Here's a link to my blog http://getbusygardening.blogspot.com/
and my email is dieg01991 at yahoo dot com (that's a zero not an o)

Amy

Annie in Austin said...

It looks like a cool book, Carol - but I'm not here to enter the giveaway - just to say I'm glad you're keeping the Stapelia ;-]

Annie at the Transplantable Rose

PS A weird plant that fascinates me are Lithops... those "living stone" plants. But am afraid that I'd kill it.

FDP 4 Life said...

i do not have a green thumb but i would love to get a Amorphophallus titanum
susansmoaks at gmail dot com

Dee @ Red Dirt Ramblings said...

I saw a voodoo lily in someone's garden, and yes, it did smell like rotting meat. Yuck. I like your cactus, and the book sounds really good. Please don't enter me in the contest though. I've got too many books including some I'm supposed to review. :))

Bebe said...

My Mom had a night-blooming cereus and we would eagerly await for it to bloom! (A plant that blooms at night!) This looks like a fabulous book and I'd love to win it for her! :)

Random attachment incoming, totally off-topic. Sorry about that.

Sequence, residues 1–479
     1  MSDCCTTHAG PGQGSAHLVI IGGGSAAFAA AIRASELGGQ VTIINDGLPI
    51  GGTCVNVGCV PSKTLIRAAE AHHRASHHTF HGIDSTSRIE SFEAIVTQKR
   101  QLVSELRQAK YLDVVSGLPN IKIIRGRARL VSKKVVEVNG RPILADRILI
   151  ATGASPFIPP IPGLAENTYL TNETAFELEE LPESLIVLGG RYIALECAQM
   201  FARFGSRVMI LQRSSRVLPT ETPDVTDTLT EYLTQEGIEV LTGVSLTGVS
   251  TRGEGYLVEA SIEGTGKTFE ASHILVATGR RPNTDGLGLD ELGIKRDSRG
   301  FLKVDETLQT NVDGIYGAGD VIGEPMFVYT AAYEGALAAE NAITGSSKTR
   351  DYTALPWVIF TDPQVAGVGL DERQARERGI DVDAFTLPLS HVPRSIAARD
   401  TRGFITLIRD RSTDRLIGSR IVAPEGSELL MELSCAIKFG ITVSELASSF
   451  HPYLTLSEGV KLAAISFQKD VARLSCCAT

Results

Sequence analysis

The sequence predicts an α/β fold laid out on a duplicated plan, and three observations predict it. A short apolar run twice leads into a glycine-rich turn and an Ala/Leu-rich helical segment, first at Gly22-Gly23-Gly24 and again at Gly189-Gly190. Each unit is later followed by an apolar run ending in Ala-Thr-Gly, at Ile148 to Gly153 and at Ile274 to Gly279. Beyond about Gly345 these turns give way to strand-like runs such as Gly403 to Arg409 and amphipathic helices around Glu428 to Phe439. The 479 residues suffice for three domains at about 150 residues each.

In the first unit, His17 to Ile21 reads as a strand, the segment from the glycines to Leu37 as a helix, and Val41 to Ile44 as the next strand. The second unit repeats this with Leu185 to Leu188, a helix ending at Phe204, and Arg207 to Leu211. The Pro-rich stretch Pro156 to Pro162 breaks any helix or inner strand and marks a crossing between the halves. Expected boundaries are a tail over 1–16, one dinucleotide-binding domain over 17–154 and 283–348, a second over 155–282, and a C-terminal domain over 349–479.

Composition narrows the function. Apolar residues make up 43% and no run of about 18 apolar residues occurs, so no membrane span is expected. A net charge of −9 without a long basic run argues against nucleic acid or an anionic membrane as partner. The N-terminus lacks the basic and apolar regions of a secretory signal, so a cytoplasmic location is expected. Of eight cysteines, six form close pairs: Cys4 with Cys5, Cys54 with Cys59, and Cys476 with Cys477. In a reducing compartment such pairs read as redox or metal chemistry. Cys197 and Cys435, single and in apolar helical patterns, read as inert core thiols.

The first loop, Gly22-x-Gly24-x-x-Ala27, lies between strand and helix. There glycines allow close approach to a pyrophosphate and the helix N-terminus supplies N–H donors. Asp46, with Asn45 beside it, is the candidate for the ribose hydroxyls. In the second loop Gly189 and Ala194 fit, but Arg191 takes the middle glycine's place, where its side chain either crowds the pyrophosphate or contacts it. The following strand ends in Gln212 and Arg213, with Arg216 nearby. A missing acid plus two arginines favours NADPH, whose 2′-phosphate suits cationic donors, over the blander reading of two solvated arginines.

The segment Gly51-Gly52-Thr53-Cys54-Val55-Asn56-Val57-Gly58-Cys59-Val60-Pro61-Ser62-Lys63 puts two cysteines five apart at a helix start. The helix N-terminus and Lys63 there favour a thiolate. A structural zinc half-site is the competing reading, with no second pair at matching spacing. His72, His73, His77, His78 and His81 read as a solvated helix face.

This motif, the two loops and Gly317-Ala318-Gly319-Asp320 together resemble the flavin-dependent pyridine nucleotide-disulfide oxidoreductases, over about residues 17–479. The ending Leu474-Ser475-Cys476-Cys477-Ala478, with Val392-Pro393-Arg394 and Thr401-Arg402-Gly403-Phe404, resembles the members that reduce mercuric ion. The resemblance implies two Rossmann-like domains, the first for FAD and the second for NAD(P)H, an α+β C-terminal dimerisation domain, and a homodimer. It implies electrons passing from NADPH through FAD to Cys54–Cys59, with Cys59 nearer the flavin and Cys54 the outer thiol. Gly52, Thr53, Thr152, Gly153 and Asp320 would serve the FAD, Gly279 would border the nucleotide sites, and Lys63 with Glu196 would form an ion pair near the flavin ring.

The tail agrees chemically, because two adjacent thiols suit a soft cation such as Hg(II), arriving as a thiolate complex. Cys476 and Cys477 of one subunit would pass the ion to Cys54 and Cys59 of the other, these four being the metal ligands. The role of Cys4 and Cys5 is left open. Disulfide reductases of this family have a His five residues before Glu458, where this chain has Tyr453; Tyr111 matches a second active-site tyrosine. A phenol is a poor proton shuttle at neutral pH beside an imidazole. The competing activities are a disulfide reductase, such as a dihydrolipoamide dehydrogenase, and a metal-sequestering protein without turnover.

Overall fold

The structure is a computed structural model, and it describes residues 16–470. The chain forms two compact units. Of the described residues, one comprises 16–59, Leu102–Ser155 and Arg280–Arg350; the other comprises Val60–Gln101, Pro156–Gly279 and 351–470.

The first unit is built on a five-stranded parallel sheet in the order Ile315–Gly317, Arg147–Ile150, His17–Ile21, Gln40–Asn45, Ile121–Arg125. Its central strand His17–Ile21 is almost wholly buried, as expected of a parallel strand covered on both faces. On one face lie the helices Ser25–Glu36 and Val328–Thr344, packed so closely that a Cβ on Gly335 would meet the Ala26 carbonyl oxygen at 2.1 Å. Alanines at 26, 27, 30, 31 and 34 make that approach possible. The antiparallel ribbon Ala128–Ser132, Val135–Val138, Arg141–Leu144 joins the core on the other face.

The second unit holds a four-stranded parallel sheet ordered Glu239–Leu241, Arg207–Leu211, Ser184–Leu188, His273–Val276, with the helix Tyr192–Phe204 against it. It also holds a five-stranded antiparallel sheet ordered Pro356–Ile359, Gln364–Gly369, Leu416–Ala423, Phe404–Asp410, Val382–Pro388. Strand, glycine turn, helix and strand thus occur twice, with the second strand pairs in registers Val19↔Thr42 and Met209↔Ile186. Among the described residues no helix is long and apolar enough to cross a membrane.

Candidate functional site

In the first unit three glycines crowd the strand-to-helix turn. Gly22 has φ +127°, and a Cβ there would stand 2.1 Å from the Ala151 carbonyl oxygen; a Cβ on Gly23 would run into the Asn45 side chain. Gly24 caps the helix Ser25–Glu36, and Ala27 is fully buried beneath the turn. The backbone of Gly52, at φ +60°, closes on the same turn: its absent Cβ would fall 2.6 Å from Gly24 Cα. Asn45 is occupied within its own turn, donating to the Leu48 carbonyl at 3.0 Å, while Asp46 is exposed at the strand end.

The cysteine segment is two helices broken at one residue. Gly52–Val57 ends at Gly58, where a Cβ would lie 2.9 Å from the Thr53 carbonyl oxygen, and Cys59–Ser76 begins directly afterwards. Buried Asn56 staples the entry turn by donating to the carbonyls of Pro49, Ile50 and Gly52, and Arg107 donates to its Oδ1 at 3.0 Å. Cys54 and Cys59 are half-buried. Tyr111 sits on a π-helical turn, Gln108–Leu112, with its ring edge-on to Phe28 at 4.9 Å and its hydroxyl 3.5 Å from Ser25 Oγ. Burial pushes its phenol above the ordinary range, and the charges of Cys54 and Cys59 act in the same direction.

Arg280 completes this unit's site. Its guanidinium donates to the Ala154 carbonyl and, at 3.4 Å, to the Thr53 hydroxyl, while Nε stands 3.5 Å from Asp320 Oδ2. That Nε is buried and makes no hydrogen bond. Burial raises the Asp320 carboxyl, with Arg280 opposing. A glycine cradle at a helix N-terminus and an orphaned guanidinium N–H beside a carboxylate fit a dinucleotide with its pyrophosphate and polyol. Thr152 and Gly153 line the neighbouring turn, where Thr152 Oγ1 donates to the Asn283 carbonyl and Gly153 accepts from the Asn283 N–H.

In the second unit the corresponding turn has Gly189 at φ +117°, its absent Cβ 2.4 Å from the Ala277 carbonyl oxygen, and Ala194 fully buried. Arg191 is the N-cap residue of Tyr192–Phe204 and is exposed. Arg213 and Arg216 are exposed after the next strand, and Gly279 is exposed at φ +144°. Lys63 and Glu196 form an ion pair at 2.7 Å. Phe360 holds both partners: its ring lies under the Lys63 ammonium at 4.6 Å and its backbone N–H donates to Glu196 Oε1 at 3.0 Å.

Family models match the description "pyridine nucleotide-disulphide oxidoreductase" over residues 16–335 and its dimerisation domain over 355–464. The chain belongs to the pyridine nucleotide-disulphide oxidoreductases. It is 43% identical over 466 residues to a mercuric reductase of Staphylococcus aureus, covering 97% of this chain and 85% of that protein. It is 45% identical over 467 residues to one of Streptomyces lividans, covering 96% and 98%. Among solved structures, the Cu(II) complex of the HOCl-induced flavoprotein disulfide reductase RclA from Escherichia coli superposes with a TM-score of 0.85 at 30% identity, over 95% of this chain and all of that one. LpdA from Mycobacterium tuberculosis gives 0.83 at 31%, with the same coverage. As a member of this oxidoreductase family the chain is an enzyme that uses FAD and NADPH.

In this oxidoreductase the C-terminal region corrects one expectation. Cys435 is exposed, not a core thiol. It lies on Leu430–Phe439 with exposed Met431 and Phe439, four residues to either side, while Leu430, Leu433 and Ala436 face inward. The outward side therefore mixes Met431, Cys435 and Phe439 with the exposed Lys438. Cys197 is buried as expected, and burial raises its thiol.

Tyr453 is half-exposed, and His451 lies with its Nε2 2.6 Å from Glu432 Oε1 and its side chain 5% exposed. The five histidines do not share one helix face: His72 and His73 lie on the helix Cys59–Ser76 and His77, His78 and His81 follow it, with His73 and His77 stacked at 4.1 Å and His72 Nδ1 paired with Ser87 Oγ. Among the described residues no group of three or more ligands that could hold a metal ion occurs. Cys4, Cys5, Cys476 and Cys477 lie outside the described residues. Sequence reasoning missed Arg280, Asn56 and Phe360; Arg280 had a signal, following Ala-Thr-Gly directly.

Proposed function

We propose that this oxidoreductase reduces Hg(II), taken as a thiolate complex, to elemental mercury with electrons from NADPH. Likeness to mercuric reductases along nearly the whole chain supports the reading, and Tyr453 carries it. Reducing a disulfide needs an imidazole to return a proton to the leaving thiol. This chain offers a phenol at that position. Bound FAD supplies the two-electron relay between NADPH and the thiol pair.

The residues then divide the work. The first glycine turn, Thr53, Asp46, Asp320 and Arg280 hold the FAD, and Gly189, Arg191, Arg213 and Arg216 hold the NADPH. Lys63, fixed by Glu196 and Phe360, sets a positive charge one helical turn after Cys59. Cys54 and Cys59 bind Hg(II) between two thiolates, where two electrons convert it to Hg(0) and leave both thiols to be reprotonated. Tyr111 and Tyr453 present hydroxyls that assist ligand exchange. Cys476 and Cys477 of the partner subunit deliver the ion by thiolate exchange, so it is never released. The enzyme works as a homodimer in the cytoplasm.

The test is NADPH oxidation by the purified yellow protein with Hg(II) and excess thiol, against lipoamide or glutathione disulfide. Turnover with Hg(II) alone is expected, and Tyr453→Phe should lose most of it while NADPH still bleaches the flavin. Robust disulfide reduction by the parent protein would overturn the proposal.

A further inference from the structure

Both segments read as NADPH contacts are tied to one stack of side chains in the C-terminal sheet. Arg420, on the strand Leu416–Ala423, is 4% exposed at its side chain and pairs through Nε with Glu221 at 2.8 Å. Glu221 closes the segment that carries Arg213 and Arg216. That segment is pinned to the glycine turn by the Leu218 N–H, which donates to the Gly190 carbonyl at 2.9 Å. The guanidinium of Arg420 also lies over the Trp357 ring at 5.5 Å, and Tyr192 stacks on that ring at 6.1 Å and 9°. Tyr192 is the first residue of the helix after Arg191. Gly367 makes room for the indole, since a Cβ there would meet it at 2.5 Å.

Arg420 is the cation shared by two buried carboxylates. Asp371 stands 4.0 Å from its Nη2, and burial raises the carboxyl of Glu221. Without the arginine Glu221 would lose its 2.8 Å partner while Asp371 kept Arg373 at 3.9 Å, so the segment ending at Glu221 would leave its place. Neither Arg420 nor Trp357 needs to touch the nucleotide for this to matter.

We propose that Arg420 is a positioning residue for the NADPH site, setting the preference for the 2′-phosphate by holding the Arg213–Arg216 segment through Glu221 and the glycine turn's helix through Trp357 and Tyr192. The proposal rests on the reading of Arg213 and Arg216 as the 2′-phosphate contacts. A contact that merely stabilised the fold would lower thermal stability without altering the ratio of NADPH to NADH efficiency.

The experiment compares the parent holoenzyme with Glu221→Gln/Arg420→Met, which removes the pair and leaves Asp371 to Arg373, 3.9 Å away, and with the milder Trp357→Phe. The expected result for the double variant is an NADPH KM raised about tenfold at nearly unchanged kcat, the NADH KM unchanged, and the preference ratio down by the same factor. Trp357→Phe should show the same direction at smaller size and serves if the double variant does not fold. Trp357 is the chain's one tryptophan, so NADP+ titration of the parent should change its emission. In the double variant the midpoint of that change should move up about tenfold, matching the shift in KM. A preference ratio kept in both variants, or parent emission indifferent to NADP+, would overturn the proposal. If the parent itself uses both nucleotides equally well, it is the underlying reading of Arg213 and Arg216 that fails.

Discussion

Deborah Wellenstein said...

I am growing a pencil tree cactus that I've had for several years. We have cut it down some, but at its peak was 15 feet tall!

Anonymous said...

I love big plants that won't likely catch on with the Impatiens & petunia set. The Thai Giant Allocasia is still growing at 8'...

Trythrice At yahoo Dot Com

Rainforest Gardener said...

Oh, I forgot. steve_asbell at yahoo dot com

SuzOH said...

I don't have anything very bizarre at the moment, although some of my orchids can qualify when they bloom.
I'm suzanne dot offner at gmail.com.

Eva said...

I can't think of just one...

Any of my Stapeliad/stapeliad-type plants or perhaps my Kalanchoe beharensis 'Fang'. I named him... Fang. :D

purango said...

I am growing Venus Fly Traps. garrettsambo@aol.com